C’mon delivers high-energy rock ’n’ roll
As a band name, it’s an urgent little call-to-arms … but a call for what?
“C’mon let’s rock,” offers front man Ian Blurton. “Or maybe: C’mon, let’s fuck shit up.”
Well, those two sentiments have been holding hands throughout much of rock history, on which Blurton has already made his mark. He fronted Change Of Heart in the ‘90s and when that 15-year legacy came apart, he took on Blurtonia and later joined Bionic.
His onstage exploits were matched in the studio, where Blurton produced records for Tricky Woo, Saigon Hookers, The Constantines, Rheostatics and The Weakerthans, to name a few. His lengthy resume earned him the “Sir Ian Blurton” title, which he now says matches his “regal” stature.
“I like ‘Sir,’” he says. “I feel like I’m being pulled around in a horse-drawn carriage most of the time.”
Is he being sarcastic?
“Not at all,” he says, unsarcastically.
Grand titles aside, Blurton’s trekking the continent in support of his latest record with his latest creation, C’mon. Bottled Lightning Of An All Time High skids off a beer-slicked floor with vocals buried beneath falling-face-first guitars — in other words, it’s a ripping rock album.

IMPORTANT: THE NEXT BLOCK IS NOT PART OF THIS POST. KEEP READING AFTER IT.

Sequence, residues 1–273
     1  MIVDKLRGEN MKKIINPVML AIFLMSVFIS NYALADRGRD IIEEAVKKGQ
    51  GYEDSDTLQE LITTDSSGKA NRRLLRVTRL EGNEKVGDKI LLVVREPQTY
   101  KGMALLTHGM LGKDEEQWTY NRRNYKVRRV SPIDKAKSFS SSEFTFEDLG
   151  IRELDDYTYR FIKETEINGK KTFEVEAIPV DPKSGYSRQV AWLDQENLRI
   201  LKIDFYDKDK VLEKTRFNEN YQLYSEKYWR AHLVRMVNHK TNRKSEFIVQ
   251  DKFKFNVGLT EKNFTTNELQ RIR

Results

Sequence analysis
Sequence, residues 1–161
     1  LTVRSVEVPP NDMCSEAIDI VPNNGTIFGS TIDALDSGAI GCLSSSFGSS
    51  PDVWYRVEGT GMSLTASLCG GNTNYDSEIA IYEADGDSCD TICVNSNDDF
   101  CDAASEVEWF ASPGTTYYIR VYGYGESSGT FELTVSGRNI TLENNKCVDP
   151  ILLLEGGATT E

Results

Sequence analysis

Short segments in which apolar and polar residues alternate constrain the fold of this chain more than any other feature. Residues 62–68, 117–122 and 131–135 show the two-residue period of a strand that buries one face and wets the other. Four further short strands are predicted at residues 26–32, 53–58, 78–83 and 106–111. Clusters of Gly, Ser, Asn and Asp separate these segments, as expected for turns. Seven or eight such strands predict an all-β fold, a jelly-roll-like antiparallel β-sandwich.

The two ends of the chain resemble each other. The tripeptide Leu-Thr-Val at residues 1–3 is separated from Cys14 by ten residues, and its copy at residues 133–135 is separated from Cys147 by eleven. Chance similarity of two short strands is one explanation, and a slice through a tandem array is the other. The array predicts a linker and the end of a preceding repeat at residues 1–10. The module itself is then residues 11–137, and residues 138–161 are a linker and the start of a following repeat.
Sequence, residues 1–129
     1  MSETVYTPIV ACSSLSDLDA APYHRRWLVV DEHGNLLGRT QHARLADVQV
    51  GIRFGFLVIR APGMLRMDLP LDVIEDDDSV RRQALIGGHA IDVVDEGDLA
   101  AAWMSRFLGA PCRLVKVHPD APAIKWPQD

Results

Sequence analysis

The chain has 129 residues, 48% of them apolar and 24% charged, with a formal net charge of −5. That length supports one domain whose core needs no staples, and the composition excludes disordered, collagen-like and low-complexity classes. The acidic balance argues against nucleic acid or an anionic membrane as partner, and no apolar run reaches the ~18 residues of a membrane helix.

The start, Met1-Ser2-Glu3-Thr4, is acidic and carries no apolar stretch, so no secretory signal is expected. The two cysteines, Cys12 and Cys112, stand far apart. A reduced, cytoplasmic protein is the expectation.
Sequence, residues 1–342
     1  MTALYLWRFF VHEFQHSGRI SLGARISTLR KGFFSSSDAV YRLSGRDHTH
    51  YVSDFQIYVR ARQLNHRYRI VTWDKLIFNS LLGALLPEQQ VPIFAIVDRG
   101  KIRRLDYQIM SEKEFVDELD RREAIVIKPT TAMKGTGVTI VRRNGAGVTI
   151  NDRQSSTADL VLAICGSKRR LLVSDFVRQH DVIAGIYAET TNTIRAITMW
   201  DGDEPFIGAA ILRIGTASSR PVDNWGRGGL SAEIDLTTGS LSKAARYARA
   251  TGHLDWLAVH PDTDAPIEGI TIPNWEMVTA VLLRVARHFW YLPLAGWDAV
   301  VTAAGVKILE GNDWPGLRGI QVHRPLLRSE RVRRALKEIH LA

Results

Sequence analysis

“It’s about teaching kids about real rock,” he says of what the genre means to him, “as opposed to a lot of commercials that are like, ‘Yay rock!’ and the music itself isn’t there at all. It’s emo bands or someone like U2 and, I’m sorry, but U2 is not a rock band. Thin Lizzy is a rock band, Elvis Presley is rock ’n’ roll. I think there has to be a musical element, too. It’s not just a saying.”
Not just a saying, but definitely an attitude. Blurton’s approach lately has been about cutting the crap with the music business and just keeping his focus on the live shows — the fertile, frothing bed where the genre was born. C’mon — with bassist and girlfriend Katie Lynn (of Nashville Pussy) and drummer Randy Curnew — doesn’t bother with a booking agent, manager, they hate rehearsals and shun soundchecks, and they don’t really have a label. As for music videos, don’t bother asking.
“I used to hate doing videos and then we were like, you know what? We’re just never going to make a video,” he says. “How about that.”
So turn off television’s endless parade of well-groomed teenagers and get to the show. C’mon, let’s rock.
see it live . . .